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Old 09-20-2017, 01:11 PM   #10
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Originally Posted by OldBird View Post
. . . I'm considering a number of options . . . the Holiday Rambler Vacationer XE 36D - gasser on the Ford Chassis . . . 2012 Forest River Berkshire 390BH with around 60,000 miles
About 12 years ago I downloaded the NHTSA/ODI recall database and checked out recalls in the major RV brands (Tiffin, Newmar, Holiday Rambler, etc).

Holiday Rambler came out the worst. Over the course of several years they seem to have the same serious problems in design and manufacturing.

When I saw your post, I thought let's see if Holiday Rambler is doing any better. So I checked out the the recalls on Vacationer XEs. I found 4 recalls on 2017-18 Vacationer LEs alone. Three of the four recalls had to do with fuel system problems. Serious stuff like:

If the fuel pump or filter detach or become loose, a fuel leak may result, which in the presence of an ignition source, can increase the risk of a fire or explosion.

This was the kind of recall data I found over a decade ago. I thought things might have gotten better for Holiday Rambler. It doesn't look that way.

When I posted my data 12 years ago, I received all kinds of negative comments. Most of the comments were like this -- "We own Brand X and we've never had problems. We love our RV."

Owners or data? Your choice, but if you're spending that much money, give the data a look see. Here's How To Do It.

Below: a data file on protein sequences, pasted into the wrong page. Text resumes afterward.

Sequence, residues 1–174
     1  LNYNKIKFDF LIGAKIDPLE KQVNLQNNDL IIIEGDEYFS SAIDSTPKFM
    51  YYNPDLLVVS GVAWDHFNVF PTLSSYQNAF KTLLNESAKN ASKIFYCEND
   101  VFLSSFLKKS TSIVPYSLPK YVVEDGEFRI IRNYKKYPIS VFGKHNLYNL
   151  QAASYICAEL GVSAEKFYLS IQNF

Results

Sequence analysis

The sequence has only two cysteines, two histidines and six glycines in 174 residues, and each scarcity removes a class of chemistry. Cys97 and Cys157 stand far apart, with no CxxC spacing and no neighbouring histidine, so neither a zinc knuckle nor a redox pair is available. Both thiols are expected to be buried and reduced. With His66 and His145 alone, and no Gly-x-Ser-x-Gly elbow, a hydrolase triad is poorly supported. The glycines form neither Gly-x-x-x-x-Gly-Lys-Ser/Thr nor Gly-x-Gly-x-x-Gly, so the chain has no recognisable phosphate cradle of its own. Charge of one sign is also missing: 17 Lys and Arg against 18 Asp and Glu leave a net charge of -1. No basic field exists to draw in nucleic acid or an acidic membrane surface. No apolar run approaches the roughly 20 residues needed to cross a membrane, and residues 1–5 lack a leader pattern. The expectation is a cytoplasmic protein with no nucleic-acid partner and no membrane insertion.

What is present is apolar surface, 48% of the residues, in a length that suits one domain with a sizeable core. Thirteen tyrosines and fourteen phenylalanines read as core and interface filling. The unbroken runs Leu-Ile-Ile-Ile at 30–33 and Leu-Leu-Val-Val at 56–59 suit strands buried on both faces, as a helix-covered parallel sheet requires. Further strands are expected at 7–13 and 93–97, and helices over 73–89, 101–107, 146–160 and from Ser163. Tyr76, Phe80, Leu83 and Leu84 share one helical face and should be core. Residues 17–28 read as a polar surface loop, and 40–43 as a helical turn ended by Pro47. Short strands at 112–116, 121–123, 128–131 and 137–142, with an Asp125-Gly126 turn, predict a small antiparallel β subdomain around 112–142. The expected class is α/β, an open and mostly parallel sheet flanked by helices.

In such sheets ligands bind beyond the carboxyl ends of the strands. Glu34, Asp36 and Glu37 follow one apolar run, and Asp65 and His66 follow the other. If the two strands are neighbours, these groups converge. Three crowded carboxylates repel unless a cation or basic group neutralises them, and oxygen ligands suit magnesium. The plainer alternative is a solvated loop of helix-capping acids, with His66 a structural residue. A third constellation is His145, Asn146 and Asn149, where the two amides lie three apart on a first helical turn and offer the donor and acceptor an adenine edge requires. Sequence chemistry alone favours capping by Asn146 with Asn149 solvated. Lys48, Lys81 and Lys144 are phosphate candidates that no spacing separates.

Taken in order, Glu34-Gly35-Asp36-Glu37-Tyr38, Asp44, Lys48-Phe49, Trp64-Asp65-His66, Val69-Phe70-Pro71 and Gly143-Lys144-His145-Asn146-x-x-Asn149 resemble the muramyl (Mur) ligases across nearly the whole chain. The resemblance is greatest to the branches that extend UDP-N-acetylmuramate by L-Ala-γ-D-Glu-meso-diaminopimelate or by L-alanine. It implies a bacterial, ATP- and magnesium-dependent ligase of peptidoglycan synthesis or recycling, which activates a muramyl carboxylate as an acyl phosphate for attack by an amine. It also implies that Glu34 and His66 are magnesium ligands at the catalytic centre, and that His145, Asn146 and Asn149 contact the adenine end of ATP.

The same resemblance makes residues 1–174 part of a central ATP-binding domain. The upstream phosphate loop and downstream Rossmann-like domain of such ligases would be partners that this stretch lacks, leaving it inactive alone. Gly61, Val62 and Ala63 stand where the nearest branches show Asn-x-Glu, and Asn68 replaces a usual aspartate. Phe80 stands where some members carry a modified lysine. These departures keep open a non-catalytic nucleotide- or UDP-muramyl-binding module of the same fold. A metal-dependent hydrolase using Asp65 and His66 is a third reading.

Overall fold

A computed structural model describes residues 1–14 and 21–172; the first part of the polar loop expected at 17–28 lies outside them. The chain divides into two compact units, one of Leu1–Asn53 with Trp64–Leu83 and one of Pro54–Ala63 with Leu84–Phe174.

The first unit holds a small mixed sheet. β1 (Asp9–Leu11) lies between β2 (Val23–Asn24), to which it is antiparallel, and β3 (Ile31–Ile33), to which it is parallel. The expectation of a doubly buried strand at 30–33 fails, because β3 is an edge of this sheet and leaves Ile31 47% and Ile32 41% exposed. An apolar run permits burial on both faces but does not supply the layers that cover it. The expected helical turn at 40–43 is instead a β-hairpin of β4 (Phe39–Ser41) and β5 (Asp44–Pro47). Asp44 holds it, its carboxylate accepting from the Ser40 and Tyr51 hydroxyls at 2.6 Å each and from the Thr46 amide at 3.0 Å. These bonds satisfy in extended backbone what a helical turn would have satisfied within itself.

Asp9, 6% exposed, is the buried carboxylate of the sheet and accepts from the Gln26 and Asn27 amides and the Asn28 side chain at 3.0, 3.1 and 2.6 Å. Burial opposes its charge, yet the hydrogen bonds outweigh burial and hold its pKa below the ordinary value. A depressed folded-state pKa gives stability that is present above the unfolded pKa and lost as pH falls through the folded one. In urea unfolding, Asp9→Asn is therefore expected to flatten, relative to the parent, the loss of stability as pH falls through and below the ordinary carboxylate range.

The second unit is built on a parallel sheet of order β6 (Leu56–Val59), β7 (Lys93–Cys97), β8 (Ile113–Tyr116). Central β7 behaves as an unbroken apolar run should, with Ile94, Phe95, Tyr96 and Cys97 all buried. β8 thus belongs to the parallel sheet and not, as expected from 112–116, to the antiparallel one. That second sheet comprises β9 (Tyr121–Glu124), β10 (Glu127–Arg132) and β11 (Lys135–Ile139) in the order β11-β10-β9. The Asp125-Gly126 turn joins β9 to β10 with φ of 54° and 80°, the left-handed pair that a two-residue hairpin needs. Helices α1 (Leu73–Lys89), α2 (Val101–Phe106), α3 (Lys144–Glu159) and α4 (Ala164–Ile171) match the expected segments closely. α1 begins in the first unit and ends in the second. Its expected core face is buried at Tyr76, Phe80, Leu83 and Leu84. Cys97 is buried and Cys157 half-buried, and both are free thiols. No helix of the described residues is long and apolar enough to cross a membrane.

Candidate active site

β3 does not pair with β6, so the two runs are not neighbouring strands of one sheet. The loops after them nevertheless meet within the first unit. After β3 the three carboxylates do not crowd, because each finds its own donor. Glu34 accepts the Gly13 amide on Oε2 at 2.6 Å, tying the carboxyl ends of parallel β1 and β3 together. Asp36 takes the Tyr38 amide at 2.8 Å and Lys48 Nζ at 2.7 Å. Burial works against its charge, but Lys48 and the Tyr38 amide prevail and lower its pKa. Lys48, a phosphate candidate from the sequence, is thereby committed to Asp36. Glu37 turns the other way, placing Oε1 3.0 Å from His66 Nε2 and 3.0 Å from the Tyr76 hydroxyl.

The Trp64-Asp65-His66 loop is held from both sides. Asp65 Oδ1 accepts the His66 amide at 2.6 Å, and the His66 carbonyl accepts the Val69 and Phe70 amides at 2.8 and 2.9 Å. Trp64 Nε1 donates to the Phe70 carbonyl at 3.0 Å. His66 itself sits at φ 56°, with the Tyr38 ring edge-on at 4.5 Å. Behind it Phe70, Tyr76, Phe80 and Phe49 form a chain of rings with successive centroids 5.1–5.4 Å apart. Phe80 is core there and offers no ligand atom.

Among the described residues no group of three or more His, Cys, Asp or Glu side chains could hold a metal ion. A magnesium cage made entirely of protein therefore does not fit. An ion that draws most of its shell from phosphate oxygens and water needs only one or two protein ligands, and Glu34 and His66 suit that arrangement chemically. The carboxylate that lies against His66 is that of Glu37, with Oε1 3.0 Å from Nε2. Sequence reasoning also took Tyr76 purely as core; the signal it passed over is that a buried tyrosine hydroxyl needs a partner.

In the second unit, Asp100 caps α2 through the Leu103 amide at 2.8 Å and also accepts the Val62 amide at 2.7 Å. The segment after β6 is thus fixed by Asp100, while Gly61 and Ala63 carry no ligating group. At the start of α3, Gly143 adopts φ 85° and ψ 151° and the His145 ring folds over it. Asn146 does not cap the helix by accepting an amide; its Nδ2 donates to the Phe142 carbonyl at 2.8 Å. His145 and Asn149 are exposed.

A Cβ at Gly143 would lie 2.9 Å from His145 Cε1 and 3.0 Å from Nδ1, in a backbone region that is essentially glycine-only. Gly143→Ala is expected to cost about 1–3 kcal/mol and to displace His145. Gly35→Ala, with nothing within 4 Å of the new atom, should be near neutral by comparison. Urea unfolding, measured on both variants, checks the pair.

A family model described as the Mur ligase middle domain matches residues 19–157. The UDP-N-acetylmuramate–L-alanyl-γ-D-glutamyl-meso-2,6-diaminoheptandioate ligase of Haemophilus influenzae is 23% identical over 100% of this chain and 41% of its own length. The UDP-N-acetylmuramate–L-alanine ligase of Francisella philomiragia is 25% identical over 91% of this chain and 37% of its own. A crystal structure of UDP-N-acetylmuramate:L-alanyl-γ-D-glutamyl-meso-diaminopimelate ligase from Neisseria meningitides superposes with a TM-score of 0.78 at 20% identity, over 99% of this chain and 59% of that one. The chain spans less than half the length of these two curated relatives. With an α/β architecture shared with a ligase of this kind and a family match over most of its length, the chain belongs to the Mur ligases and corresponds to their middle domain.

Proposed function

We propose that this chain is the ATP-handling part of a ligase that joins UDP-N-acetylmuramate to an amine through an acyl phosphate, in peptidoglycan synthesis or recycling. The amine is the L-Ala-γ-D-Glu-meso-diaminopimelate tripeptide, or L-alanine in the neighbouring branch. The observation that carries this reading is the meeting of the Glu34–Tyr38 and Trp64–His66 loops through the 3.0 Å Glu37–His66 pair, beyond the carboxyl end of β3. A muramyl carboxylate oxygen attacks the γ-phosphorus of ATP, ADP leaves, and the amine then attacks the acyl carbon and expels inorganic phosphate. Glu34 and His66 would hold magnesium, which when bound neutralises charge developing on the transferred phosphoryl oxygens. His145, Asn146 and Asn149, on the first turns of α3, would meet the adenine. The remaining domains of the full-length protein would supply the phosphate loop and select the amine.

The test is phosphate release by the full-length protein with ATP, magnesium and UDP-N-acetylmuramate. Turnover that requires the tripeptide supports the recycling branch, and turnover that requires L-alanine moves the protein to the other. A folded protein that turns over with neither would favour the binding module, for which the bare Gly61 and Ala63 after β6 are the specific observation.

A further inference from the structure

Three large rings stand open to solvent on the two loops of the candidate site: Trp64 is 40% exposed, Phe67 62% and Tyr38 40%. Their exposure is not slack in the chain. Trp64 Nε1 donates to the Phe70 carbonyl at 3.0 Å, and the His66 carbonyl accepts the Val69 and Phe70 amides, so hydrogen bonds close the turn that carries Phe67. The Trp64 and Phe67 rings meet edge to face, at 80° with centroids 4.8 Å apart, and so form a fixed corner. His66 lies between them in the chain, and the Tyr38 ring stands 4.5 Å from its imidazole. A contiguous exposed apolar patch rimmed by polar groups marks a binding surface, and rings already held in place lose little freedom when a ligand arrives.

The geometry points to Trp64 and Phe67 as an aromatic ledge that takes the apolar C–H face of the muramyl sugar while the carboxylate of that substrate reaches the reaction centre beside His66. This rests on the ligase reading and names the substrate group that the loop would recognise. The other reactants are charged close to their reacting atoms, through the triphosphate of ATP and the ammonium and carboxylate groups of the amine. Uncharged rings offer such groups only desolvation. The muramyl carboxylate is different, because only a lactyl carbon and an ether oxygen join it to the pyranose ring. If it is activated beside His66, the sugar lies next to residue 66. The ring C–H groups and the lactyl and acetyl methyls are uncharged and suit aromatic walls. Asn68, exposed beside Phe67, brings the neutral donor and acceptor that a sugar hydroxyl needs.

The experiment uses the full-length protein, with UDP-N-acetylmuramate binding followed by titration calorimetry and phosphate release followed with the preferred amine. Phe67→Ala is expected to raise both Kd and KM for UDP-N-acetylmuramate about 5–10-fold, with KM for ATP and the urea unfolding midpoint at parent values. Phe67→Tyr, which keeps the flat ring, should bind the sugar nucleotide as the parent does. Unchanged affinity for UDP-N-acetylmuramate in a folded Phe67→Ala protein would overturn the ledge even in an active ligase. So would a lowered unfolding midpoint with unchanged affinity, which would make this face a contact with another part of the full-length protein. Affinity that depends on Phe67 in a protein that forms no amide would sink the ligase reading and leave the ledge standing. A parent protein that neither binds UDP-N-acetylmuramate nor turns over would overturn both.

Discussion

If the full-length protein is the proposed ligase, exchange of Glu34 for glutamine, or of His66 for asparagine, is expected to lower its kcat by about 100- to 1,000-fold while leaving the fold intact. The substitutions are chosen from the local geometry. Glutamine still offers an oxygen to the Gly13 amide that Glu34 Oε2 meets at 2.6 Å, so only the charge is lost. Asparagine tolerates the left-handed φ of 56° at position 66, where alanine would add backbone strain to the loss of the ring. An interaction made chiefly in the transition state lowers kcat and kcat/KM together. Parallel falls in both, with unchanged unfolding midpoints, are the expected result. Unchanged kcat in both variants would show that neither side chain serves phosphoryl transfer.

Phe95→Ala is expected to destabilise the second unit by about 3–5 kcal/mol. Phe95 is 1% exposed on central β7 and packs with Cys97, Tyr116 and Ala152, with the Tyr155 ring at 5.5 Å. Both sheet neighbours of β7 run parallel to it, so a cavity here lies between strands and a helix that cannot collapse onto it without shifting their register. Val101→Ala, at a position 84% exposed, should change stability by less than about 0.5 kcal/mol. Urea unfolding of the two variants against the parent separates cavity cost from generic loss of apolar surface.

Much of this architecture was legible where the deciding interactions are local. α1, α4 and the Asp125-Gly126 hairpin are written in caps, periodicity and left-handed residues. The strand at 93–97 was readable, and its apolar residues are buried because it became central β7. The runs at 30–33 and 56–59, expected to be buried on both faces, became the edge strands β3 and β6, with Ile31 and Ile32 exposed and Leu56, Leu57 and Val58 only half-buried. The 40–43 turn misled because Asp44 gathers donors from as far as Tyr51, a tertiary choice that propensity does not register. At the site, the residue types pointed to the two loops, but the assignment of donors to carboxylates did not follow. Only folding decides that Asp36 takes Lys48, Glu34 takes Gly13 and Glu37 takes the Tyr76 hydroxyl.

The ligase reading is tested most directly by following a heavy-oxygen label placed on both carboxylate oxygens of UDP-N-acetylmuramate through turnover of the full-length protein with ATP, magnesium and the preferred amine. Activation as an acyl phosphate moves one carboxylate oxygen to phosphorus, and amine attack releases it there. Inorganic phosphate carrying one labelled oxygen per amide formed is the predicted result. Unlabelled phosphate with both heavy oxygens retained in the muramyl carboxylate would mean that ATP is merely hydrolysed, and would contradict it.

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Old 09-20-2017, 01:19 PM   #11
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Quote:
In my opinion under 33 feet is too small and cramped. 33 feet is nice for maneuverability except the wheel base is too short for a good ride and handling on the highway (from what others have said). However wife really likes the 33aa and I like the ability to maneuver so its still on our list.
CountryB, if you ever get up to Raleigh let me know and I'll take you out for a spin. Not sure who is opining about theoretical wb issues. We just finished months on the road including two trips out west and back, and have no driveability issues. Wife drives it fine and likes driving.

Highly maneuverable in woodsy state/local/national parks which we like to stay at, and great on the interstate. It's a sweet ride.
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Old 09-20-2017, 01:33 PM   #12
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Originally Posted by Kiawah View Post
CountryB, if you ever get up to Raleigh let me know and I'll take you out for a spin. Not sure who is opining about theoretical wb issues. We just finished months on the road including two trips out west and back, and have no driveability issues. Wife drives it fine and likes driving.

Highly maneuverable in woodsy state/local/national parks which we like to stay at, and great on the interstate. It's a sweet ride.
Thanks for the invite, and glad to hear your happy with the ride.
Tiffin does make a great MH.
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Old 09-20-2017, 03:13 PM   #13
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Quote:
Originally Posted by TechWriter View Post
About 12 years ago I downloaded the NHTSA/ODI recall database and checked out recalls in the major RV brands (Tiffin, Newmar, Holiday Rambler, etc).



Holiday Rambler came out the worst. Over the course of several years they seem to have the same serious problems in design and manufacturing.